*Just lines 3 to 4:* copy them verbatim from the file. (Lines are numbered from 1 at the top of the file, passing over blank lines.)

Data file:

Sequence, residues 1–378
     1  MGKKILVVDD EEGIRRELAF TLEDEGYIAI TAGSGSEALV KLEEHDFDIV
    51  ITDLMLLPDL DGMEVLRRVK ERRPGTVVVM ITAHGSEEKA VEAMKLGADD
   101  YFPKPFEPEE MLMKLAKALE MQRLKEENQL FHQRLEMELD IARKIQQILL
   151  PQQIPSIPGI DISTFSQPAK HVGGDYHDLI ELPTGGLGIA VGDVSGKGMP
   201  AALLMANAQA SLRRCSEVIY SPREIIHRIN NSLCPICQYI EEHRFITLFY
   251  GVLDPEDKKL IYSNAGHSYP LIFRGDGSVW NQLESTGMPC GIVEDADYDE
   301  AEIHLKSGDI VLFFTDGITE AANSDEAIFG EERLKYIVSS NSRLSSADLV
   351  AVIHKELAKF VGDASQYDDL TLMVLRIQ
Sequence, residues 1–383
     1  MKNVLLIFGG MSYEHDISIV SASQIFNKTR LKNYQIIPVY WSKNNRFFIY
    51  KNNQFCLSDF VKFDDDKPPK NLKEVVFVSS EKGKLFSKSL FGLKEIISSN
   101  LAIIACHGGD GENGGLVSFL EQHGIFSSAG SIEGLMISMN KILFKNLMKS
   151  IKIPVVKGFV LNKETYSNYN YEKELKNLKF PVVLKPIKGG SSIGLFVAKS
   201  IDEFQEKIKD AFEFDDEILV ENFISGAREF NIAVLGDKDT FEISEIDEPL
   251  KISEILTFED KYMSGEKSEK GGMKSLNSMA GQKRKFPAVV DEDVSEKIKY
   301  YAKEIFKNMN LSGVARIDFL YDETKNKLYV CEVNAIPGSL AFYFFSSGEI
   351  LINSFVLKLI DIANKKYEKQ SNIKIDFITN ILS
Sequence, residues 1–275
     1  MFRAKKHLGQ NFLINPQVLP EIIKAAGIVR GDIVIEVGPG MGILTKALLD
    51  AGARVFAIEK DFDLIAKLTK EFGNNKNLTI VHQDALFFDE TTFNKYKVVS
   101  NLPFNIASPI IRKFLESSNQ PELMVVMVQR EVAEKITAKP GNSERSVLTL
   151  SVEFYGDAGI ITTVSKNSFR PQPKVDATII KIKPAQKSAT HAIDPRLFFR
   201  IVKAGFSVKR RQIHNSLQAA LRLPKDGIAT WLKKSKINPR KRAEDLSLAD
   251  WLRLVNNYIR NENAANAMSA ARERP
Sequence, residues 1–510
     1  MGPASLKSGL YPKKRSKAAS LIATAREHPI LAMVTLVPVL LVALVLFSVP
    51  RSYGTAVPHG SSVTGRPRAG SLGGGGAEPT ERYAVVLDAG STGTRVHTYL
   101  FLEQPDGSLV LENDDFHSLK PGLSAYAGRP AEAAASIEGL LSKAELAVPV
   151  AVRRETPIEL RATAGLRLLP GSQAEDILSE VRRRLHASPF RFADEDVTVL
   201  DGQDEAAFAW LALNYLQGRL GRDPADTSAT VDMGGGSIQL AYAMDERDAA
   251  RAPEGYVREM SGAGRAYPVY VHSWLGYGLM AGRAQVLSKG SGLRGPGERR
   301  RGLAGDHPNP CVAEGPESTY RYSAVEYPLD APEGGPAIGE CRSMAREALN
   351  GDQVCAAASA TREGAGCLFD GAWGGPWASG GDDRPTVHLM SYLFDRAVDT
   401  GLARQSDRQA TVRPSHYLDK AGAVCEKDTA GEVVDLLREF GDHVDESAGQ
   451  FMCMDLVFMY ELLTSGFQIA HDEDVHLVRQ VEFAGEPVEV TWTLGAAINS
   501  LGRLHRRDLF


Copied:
    51  ITDLMLLPDL DGMEVLRRVK ERRPGTVVVM ITAHGSEEKA VEAMKLGADD
   101  YFPKPFEPEE MLMKLAKALE MQRLKEENQL FHQRLEMELD IARKIQQILL